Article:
A broad swath of the nation separates Arlington National Cemetery from Sacramento, but if you visit it, as I did on a recent vacation in Washington, D.C., you'll hear about local businessman Scott Syphax's ancestors.
Now a resting place for U.S. veterans and dignitaries, this cemetery was once the Arlington Plantation built by George Washington Parke Custis, the step-grandson of the first U.S. president. Parke Custis was reared as a son by George and Martha Washington upon the death of his father. Parke Custis left Arlington to his only surviving child, Mary Anna Custis Lee, the wife of Gen. Robert E. Lee.
None of this surprised me, but what the ranger said next did. He explained that Parke Custis had given some of his land to the Syphaxes, slaves whom he had freed. I recalled that the chief executive of Sacramento's Nehemiah Corp. had family in D.C.
So I queried Scott Syphax upon returning to work, and he explained that Parke Custis gave the Syphaxes 17 acres of land and, following the Civil War, the Syphax family endured lengthy legal and legislative hurdles to reclaim the land.
"My late father, Charles Sumner Syphax III, lived in Sacramento until his passing in 2001," Syphax said, "and he was actually the last resident with his grandparents on the grounds of Arlington up until they sold the final piece of land to the federal government in the 1940s."
Syphax, a graduate of Sacramento's John F. Kennedy High School, said he works today to put Americans into homes because property ownership helped his family fund college educations and businesses.
"My role at Nehemiah is not a job," he said, "it is a vocation. I, and the other members of my family, are the beneficiaries of those acts from centuries ago that gave people an opportunity to own their piece of ground and to use that ground for the upward mobility of their children."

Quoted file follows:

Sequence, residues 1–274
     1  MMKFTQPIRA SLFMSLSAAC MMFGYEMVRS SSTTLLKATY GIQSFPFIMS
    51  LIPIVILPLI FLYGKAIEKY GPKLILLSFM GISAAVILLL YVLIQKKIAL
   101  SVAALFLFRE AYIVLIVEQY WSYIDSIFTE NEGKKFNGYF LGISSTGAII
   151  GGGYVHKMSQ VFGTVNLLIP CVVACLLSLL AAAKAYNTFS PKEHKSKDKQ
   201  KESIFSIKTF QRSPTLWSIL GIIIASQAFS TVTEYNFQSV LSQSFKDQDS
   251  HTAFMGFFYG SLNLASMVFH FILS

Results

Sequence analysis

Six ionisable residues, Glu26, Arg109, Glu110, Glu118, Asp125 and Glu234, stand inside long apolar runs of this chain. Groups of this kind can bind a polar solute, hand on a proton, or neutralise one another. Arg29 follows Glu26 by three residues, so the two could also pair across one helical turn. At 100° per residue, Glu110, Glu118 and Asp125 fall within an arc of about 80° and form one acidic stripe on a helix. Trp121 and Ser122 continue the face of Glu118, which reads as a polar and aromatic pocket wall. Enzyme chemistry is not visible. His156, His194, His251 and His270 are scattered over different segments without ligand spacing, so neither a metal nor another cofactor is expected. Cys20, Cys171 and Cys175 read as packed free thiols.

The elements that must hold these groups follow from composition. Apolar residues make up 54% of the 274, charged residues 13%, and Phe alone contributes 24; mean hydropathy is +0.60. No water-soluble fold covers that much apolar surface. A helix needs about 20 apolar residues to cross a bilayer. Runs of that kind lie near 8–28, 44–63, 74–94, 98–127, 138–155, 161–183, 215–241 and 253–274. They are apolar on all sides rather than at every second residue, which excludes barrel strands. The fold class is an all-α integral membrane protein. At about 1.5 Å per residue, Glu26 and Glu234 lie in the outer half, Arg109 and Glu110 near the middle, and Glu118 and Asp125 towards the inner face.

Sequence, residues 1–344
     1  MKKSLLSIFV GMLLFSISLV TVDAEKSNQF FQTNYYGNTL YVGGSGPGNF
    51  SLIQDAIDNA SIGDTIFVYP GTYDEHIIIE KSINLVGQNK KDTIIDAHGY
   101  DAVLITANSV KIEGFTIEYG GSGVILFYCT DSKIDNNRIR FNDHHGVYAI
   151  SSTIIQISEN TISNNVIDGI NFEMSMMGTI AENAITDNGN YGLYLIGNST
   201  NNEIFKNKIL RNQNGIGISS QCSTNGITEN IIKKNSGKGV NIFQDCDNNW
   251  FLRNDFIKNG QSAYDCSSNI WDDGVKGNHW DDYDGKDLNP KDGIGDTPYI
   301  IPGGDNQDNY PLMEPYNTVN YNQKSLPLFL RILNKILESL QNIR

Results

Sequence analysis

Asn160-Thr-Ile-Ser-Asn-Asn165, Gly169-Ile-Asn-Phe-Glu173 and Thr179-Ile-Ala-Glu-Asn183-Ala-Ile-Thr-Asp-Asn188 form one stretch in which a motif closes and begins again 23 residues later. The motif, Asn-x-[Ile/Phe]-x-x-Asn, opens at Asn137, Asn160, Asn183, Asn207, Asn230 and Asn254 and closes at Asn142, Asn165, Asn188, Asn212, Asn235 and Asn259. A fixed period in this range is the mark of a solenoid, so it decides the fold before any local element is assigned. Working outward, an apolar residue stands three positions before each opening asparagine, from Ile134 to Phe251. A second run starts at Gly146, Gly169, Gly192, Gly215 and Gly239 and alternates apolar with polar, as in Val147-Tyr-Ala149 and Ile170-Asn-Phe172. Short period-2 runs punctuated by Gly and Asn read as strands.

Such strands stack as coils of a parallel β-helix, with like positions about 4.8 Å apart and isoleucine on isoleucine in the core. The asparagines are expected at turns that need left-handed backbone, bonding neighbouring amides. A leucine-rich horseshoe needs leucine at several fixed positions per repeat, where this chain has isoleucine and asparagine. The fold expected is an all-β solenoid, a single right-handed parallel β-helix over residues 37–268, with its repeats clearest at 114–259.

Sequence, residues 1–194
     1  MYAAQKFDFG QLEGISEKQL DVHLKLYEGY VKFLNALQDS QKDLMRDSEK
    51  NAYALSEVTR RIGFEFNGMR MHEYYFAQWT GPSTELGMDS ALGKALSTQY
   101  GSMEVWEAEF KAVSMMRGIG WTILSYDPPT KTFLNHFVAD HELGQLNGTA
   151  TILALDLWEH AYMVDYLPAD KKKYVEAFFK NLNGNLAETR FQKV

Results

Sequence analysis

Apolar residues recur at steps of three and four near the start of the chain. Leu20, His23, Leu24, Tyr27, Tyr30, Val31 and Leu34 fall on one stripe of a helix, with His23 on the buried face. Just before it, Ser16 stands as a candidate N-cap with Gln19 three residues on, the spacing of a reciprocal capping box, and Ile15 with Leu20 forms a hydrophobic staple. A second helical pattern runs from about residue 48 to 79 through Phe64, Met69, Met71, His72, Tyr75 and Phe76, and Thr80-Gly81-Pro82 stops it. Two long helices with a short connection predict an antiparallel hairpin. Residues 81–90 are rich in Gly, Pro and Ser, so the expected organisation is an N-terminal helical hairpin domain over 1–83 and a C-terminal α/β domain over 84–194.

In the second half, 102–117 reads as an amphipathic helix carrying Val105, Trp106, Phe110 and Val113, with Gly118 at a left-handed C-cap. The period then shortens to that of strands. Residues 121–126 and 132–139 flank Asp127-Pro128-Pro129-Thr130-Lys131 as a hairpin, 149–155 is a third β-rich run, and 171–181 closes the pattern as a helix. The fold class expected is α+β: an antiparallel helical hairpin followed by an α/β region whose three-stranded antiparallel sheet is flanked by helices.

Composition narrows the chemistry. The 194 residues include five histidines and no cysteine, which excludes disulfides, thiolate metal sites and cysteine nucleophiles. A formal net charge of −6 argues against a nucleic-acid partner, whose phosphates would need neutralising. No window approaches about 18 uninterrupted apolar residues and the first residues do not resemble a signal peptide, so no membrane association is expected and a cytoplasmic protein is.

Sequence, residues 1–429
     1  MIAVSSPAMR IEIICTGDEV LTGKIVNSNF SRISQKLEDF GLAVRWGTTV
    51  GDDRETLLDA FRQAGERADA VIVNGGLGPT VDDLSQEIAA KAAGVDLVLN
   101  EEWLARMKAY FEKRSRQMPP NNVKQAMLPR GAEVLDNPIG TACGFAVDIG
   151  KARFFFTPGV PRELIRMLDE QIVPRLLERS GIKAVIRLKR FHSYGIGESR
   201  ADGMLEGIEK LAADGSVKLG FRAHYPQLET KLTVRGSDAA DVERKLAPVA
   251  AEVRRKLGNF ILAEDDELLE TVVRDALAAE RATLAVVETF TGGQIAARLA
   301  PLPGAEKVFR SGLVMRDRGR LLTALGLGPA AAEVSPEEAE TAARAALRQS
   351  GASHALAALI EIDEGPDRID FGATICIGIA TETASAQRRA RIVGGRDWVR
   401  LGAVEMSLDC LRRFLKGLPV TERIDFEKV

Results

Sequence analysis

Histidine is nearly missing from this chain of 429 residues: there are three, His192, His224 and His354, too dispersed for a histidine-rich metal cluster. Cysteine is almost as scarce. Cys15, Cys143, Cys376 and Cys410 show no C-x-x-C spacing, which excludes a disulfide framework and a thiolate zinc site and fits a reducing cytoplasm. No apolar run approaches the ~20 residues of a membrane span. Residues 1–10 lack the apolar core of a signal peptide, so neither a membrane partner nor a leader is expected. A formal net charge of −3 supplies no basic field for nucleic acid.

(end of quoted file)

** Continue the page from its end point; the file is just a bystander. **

Why would Parke Custis be so generous to a slave? According to Syphax family tradition, the National Park Service explains on the Arlington House website, Parke Custis fathered Mariah Carter Syphax with one of his slaves. She is an ancestor of Scott Syphax.
Author on a mission
Sacramento author James Rollins is taking on a mission of critical importance, ensuring that his latest spy thriller lands in the top 5 on the New York Times' best-seller list this summer.
The book, "Bloodline" (William Morrow, 464 pages, $27.99), goes on sale Tuesday, and you'll find Rollins at 7 p.m. that day at Roseville's Barnes & Noble, 1256 Galleria Blvd.
The mission Rollins has assigned himself is pitching the books that he labors over in solitude. The Roseville appearance is one of several that will take him to Dallas, Phoenix, Chicago and 10 other cities in three weeks to recruit readers and satisfy longtime fans.
A book tour was the elusive golden ring when Rollins started his career in 1999, but these days, his rigorous tour schedule 3:30 a.m. wake-up calls, early morning flights, signings all day interspersed with radio and TV interviews, then 7 p.m. talks feels more like a gantlet than a victory lap.
"I've been in hotels where I've forgotten what the hotel room is," he said. "I had to go to the front desk to ask."
The author talks, however, make it worthwhile, Rollins said.
"I had one very pretty young woman step up to me and bare her back to me," he said, "and one of the symbols that was very prominent in my last book, she had it tattooed on her side. ... You want your book to leave an imprint on somebody, and there it was, literally imprinted on her."
Die-hard Rollins fans will recognize the tattoo as Seichan's signature dragon.